A car is just a thing, a means to an end. It is a money pit, a dangerous machine.
A car is freedom and independence.
The latter is all I care about. I am twenty-eight and had my first driving lesson at age nineteen. One by one all my friends started their engines. I got the bus.
Failing your first driving test is ok. I for one was certainly not ready and it was right that I failed. Failing the second time is disappointing, but again you realise that there is room for improvement. You want to keep going and try again.
But failing your fifth or sixth driving test on one unlucky mistake is demoralising. It is depressing. You go home and stare at the test report. Why can’t I break through? It is incredibly frustrating, and you want to give up. Giving up is so easy.
So you do, in a way. For a while at least. After a year or two you build up the nerve to have more driving lessons and do it again. Each time it’s a pain, it’s tiring and frustrating, the whole thing doesn’t feel fair. It feels ridiculous.
In some ways it makes you feel like a child, when you already feel like that most of the time. Imposter syndrome rears its ugly head and you feel small and silly asking your parents and partner for lifts. You desperately want to feel like a ‘real adult’ and this is a hurdle you can’t seem to get over. When will it happen for me?
But life does change. Now you live in Oxford with the best guy you’ve ever met, and you are starting to feel a little older, in a good way. You have a good job, finally, and you are feeling better. But of course there are still things in life that you want. There are a handful of things that, if you ever get them, you know they will fill a gap in your heart. It sounds silly, but driving is one of them. It has become a symbol.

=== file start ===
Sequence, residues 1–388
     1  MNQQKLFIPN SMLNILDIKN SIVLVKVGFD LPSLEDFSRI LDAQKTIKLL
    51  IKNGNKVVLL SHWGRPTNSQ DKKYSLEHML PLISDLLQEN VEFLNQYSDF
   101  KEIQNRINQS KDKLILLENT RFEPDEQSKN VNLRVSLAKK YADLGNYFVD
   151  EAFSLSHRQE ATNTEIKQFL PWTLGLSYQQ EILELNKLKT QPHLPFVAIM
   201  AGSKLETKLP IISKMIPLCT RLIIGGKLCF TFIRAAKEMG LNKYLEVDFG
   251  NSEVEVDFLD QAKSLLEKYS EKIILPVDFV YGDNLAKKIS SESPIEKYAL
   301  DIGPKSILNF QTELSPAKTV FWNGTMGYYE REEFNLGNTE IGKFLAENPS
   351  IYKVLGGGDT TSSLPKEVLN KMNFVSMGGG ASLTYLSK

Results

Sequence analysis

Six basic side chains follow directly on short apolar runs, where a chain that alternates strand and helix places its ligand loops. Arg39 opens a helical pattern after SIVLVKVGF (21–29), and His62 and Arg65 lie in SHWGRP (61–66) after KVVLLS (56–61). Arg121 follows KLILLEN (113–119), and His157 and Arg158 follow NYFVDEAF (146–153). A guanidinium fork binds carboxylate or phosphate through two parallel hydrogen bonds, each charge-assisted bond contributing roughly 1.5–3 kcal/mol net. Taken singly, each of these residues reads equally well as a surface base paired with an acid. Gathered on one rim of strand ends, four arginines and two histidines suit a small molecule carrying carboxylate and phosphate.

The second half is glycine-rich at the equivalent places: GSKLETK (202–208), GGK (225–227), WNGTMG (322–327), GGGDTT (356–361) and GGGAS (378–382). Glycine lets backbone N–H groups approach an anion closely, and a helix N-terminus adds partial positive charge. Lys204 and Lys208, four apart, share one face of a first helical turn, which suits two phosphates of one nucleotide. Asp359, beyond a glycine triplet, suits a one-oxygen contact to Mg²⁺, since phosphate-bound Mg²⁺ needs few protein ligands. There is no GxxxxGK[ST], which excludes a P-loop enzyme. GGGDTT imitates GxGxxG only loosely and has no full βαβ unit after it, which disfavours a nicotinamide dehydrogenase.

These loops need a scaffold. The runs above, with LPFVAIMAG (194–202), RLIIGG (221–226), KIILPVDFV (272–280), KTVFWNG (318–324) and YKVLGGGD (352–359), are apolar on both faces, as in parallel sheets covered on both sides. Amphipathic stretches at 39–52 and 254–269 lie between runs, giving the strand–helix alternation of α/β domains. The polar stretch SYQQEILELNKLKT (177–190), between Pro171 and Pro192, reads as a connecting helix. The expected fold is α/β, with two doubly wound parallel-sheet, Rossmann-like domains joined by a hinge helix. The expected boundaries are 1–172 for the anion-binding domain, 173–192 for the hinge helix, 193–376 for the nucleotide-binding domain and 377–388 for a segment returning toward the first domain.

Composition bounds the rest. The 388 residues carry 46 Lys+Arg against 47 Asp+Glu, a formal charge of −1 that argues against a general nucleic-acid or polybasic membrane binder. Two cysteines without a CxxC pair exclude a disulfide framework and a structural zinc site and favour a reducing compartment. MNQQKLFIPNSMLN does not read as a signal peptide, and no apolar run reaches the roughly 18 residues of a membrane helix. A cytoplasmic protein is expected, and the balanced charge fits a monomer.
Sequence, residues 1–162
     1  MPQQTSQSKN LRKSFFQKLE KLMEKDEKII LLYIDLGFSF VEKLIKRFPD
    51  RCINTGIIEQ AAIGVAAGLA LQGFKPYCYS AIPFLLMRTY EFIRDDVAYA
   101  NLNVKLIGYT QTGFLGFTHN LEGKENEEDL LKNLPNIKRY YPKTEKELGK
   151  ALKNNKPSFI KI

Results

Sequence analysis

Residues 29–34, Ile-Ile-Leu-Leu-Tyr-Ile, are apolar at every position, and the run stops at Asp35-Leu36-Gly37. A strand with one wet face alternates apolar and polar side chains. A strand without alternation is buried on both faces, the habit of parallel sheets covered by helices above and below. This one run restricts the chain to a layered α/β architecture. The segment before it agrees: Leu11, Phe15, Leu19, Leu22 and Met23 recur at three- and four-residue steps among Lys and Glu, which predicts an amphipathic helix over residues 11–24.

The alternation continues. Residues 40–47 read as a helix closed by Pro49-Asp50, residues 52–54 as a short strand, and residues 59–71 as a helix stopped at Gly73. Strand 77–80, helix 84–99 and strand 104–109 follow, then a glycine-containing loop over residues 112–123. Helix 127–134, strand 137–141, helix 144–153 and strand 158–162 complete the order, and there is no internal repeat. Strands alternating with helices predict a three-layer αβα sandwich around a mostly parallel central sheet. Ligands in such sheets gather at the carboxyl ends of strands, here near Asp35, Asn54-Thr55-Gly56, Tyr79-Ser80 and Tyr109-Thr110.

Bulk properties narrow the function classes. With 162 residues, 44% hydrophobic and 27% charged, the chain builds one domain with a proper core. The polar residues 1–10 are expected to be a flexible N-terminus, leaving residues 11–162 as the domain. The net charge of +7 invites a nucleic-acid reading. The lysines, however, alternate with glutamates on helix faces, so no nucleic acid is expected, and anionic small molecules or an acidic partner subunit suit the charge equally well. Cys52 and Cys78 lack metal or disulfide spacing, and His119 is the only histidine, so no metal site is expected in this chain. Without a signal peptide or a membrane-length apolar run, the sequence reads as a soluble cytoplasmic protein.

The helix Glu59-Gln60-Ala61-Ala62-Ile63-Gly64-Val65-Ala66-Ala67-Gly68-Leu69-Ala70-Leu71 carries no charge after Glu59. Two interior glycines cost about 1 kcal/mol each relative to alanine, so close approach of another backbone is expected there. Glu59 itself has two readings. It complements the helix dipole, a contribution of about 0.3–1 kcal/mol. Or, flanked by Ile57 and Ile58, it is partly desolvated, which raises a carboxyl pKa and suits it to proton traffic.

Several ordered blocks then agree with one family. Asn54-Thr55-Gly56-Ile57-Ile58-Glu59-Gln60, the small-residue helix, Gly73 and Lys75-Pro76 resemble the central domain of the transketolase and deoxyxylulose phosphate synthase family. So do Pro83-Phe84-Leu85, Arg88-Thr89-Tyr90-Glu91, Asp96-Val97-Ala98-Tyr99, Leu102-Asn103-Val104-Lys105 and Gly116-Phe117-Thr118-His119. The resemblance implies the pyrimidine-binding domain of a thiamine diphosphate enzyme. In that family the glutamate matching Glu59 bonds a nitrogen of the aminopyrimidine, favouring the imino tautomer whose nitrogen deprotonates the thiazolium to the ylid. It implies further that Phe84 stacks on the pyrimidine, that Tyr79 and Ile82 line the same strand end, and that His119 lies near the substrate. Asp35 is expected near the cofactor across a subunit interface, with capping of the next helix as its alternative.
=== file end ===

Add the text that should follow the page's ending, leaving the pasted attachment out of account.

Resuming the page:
Finally, a friendly and supportive driving instructor; productive lessons. You have learned to be a positive person, and you are no longer so quick to quit. You have become determined.
A test – a failure. But you don’t feel heartbroken like before; you think, ok, well, not great, but I know I can do it. Self-belief is actually there. So you do it again. And you pass.
Overwhelmed doesn’t quite describe it. There are so many feelings and thoughts all at once and your heart beats hard for days and nights afterwards. Is this real? Are they sure? Surely this isn’t quite what it seems. This can’t be it.
But there it is. The car that’s yours. Yours. It’s real. No one is going to take it away. It’s yours and you are that person who goes where they want, when they want. Life goes on, but it is just a little bit better. You feel like you’ve ticked a box, achieved something, moved forward. A new leaf.
More things seem possible. Yes, I will wear that skirt I’m usually too scared to wear. Yes, I will be more assertive. Yes, I will be more organised and productive. Yes, I will work harder. Yes, I will be positive every day. Because every day can be better than the last.